Conditions That Can Look Like RA

Medically Reviewed by Jennifer Robinson, MD on September 04, 2022
4 min read

When you have rheumatoid arthritis (RA), you usually have symptoms like join pain, stiffness, or swelling. But lots of other conditions share similar warning signs. It's sometimes hard to tell whether you have RA or something else.

You get Lyme disease from a tick bite. Bacteria from an infected tick can lead to symptoms that include fatigue, headaches, a fever, or rash.

Without treatment, Lyme disease can spread after several weeks to your joints, nervous system, or heart. Most often, it affects your joints. Around 60% of people with Lyme disease get arthritis unless they take antibiotics.

Joint issues caused by Lyme disease usually happen in your knees. But RA often shows up first in the smaller joints in your hands and feet. It may spread to larger joints later on.

"Lyme arthritis" usually heals after 30 days on antibiotic pills like amoxicillin or doxycycline. If not, your doctor may give you antibiotics through an IV. But 10% of people with arthritis from Lyme disease don’t heal even with antibiotics.

Unlike most cases of arthritis caused by Lyme disease, rheumatoid arthritis is a long-term condition. Medications can help control it, but there's no cure.

This type of arthritis often (but not always) affects people who already have psoriasis, a disease that causes itchy, scaly patches on your skin. It’s most common in people 30-50 years old, but you can get it at any age.

Like RA, psoriatic arthritis is a long-lasting autoimmune disorder, meaning your immune system attacks your body's healthy tissues.

Both conditions:

  • Cause joint stiffness, pain, and swelling
  • Can affect any area of your body
  • Cause symptoms that range from mild to serious
  • Have periods of more intense symptoms called flares

One major difference is that with psoriatic arthritis, you usually have psoriasis on your skin or nails, along with joint problems. Psoriatic arthritis is more likely than RA to cause:

Like RA, Sjögren’s syndrome is an autoimmune disease. It harms your exocrine glands, which make moisture in your eyes, mouth, and other parts of your body. It causes these areas to become dry.

Sjögren’s can cause joint inflammation like rheumatoid arthritis. But it has also many symptoms that usually don't happen with RA, including:

Sometimes you get Sjögren’s as a complication of RA or another autoimmune disease like lupus, scleroderma, or myositis. You can also get it by itself.

You get gout when uric acid (a bodily waste product) from your bloodstream builds up and leaves crystals in your joints. That causes pain and inflammation, like rheumatoid arthritis.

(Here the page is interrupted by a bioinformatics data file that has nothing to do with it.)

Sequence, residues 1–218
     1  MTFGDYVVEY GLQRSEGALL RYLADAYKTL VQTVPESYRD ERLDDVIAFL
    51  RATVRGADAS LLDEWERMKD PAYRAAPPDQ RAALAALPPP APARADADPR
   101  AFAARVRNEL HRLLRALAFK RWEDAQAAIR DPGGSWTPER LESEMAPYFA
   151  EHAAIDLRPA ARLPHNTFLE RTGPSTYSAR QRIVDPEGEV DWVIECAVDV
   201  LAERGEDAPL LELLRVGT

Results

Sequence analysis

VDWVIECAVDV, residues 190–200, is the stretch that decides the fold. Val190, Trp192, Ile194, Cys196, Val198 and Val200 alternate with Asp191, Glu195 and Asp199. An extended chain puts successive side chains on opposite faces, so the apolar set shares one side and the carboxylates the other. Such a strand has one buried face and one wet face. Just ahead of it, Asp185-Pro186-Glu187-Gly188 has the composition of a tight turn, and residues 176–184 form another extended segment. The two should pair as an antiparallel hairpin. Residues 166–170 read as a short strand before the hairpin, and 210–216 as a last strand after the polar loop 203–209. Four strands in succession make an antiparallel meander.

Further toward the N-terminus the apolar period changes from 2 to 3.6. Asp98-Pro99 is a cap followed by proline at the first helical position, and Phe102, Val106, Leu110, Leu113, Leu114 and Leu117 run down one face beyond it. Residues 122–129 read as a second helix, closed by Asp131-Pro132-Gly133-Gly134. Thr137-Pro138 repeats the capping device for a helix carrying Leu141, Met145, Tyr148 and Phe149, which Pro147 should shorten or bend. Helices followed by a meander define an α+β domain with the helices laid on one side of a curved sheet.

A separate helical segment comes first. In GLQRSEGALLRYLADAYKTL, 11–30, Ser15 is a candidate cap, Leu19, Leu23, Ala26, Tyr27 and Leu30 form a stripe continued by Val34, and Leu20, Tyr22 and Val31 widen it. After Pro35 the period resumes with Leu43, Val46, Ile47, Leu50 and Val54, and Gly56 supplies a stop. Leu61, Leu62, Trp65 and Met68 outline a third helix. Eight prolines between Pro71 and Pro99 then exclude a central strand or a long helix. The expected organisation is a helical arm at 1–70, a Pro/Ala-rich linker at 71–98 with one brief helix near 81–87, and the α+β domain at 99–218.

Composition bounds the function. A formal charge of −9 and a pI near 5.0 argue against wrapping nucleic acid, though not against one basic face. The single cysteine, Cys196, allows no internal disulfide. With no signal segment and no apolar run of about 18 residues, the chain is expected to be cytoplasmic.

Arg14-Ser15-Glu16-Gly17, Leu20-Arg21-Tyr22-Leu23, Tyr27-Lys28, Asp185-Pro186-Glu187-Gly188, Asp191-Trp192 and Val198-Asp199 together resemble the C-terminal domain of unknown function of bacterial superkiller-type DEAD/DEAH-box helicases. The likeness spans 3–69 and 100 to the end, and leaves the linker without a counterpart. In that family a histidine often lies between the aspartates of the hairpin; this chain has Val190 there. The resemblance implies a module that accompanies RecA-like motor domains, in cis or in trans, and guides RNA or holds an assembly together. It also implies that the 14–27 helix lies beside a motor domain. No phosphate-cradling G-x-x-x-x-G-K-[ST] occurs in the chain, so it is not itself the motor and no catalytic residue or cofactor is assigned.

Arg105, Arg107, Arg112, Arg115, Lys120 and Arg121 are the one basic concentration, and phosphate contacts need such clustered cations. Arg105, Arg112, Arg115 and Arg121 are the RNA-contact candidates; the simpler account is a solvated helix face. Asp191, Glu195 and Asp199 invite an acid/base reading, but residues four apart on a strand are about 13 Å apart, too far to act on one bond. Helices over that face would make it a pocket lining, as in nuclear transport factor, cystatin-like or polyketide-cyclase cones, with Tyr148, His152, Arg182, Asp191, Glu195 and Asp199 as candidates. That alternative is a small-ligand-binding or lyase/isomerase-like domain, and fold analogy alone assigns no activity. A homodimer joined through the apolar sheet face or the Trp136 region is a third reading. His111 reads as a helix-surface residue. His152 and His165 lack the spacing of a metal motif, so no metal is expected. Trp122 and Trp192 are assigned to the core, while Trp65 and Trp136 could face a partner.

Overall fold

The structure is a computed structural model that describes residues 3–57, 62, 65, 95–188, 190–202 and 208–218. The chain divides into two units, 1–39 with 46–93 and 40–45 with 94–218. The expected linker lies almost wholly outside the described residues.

Kidney disease can cause the buildup of uric acid. Or it might be genetic. Some medications, like diuretics, can make it worse. So can drinking alcohol or eating foods with a substance called purines, like seafood and organ meats.

The later stages of gout look very similar to RA. But gout usually starts with serious pain and swelling in one area, often in the big toe. It tends to happen after an illness or injury.

RA may begin suddenly or start gradually, but it usually affects several joints. And unlike gout, it usually involves the same joint on each side of your body.

Gout can spread, but this may take several years.

This chronic disorder causes pain, stiffness, and fatigue. When you have it, your brain processes pain more intensely.

You’re at a higher risk of this condition if:

Since you can have RA and fibromyalgia at the same time, it can be hard to tell where your symptoms come from.

Both conditions cause:

  • Joint pain
  • Sleep problems
  • Stiffness
  • Symptoms that come and go

But RA, unlike fibromyalgia, causes visible harm and inflammation to your joints. It also gets gradually worse. Fibromyalgia causes widespread pain. But with RA, you usually have pain only in the areas that are affected.

Like RA, lupus is an autoimmune disease that affects more women than men. It also tends to occur in flares, followed by periods with less intense symptoms.

Lupus tends to cause more widespread inflammation in your body than RA does. It may affect your joints, but it's more likely to also harm your:

Both lupus and RA can cause pain, swelling, and stiffness in your joints. But compared to RA, the joint symptoms from lupus are less disabling. They're less likely to cause destruction in your joints, usually don't last as long, and change location more often. And unlike RA, lupus almost never leads to bone destruction.